Review: 'Marshall' Starring Chadwick Boseman And Josh Gad

While Brown v Board of Education will always be the landmark case associated with Supreme Court Justice Thurgood Marshall, he was a champion against injustice long before then. The new film Marshall is about one of his earlier cases, at a time when he was a young, fierce defense attorney for the NAACP, racing around the country defending blacks in cases where their race will surely get them convicted. Being essentially the only soldier in the field has built Marshall into a virtual boogeyman, his reputation proceeding him everywhere he goes. But it's also given him a big ego and a massive chip on his shoulder that others are dying to knock off.

The most interesting aspect of Reginald Hudlin's film is its depiction of Marshall as a flawed, hot-headed, but confident attorney who knows how to play the ins and outs of the race game. Chadwick Boseman, who has already played superheroes real (Jackie Robinson) and fictional (Black Panther), doesn't resemble Marshall physically in any way, but he's got the justice's intellect and swagger down pat. The film is a competent courtroom drama when it could have been extraordinary but for director Reginald Hudlin, best known for directing comedies like House Party and The Ladies Man. Through Hudlin what we get is the Remember the Titans of civil rights dramas, losing any teeth this pivotal early moment in Thurgood Marshall's career might have had.

The case Marshall takes on is Connecticut v. Joseph Spell (Sterling K. Brown), the latter a black man who accused of raping wealthy socialite Eleanor Sturbing (Kate Hudson), his employer. Spell was said to have attacked her, raped her, and threw her off a bridge into the river, where she managed to swim to safety. It's about as slam dunk a case as a prosecutor could ask for back then. An affluent white woman's word against those of a black man with a shady background and no firm alibi, tried by a district attorney who has his sights set on a political career.  Marshall is paired up with white, Jewish insurance lawyer Sam Friedman (Josh Gad), who has never tried a criminal case. When the judge (James Cromwell) forbids Marshall to say anything during trial, forcing Friedman to argue the case, it's another sign of how high the deck has been stacked against them.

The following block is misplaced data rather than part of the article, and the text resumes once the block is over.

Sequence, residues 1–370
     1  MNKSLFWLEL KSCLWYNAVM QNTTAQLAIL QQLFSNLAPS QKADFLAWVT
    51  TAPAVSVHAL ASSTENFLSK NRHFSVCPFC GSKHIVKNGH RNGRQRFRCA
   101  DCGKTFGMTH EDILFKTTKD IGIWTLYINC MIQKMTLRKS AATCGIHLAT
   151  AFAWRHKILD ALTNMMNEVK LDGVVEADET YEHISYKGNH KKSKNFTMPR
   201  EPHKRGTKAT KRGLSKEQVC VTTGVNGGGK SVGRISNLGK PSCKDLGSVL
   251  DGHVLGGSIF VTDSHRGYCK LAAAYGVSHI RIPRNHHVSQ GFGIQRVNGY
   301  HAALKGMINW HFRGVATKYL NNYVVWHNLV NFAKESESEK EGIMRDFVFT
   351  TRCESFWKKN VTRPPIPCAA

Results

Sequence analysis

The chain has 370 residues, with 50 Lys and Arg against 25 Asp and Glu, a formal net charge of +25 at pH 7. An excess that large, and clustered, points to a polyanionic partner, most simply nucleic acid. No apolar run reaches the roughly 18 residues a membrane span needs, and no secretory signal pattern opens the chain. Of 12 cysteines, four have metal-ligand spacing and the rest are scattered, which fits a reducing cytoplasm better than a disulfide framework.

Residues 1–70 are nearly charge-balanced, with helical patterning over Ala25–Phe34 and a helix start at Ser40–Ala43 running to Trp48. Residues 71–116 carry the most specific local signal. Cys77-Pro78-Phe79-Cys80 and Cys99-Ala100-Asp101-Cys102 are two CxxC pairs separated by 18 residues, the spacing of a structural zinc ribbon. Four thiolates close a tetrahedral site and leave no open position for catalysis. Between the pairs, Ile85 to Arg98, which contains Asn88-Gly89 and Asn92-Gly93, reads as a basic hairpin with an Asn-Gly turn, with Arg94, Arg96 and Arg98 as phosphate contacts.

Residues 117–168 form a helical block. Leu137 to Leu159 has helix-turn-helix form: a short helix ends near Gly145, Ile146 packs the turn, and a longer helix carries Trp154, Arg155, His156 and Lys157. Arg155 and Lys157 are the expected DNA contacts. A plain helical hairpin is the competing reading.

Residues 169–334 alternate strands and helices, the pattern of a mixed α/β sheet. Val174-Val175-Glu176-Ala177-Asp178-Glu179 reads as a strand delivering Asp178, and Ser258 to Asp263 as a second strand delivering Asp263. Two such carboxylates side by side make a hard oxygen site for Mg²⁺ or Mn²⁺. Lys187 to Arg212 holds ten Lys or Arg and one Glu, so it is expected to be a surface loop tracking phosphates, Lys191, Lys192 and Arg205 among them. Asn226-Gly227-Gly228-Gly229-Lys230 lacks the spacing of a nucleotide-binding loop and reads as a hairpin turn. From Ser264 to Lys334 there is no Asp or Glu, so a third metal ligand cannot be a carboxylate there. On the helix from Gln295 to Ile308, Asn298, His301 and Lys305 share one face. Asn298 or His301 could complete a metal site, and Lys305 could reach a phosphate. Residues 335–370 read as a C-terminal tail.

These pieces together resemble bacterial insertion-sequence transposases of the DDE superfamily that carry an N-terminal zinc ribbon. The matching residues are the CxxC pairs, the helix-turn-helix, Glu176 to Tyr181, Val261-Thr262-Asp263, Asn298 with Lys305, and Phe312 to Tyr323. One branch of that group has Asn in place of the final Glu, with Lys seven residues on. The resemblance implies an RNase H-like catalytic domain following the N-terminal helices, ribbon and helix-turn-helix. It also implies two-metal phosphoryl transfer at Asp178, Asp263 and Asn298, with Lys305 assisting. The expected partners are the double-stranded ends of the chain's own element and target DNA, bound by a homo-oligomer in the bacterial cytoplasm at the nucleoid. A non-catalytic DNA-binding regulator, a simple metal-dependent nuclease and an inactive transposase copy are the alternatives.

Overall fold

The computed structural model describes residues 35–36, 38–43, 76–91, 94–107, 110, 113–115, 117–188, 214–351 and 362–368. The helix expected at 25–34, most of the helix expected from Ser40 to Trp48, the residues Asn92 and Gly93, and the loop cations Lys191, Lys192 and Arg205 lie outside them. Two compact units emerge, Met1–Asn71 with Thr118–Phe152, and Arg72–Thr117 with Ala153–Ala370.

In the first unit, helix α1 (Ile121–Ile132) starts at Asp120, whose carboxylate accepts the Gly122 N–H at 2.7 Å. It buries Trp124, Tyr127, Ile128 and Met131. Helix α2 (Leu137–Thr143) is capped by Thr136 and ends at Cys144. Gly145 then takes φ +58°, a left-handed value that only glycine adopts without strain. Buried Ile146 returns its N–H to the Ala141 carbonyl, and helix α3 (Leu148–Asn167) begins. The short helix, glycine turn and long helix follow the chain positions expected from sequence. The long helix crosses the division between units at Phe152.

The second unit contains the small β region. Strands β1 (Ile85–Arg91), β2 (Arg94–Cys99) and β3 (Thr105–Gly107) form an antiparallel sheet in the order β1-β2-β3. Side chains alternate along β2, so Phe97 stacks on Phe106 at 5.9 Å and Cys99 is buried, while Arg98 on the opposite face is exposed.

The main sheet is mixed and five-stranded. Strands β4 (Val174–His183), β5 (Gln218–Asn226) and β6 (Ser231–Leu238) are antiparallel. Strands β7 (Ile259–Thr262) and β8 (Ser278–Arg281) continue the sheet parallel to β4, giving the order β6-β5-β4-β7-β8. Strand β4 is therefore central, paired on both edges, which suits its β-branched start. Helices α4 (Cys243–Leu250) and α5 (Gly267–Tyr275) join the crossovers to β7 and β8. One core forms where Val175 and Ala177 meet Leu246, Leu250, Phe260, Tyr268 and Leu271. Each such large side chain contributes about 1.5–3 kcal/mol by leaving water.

As a Jewish man in 1941 Connecticut, Friedman's main concern is keeping a good reputation. He has to live there long after Marshall has left, and trying a case most of the town has already made up their mind on won't be good for his practice. While Marshall's abrasive, insulting attitude causes friction between them, they soon find common ground in the mutual prejudices they must face. Screenwriters Michael and Jacob Koskoff, the former a civil rights attorney in his own right, put most of their attention in Marshall and Friedman's budding friendship in the midst of racial turmoil. But they don't depict just how much of a powder keg the Spell case would have been, nor the very real danger it would have placed both attorneys in just for defending him. Other than one act of violence, which is quickly glossed over, most of the trial comes across as a breeze. Spell, who swears his innocence but has a difficult time actually telling the truth, would have been a nightmarish client for anyone to handle. That would have gone double for Marshall who declares early on that he will only defend innocent clients, but he's fairly unwavering even when Spell is blatantly dishonest.

To dig further wouldn't necessarily fit with Hudlin's strength, though, and he gets the most mileage out of the mismatched dynamic between Marshall and Friedman. Given his background that shouldn't come as a surprise.  It's just not what anyone would expect from a movie about Thurgood Marshall, but that isn't necessarily a bad thing. While those hoping for a more serious take on the material will be disappointed, Hudlin's approach is most easily accessible to the widest audience. They will undoubtedly come away satisfied, and if that means Thurgood Marshall becomes known to a new generation, then that's hardly something to complain about.

Rating: 3 out of 5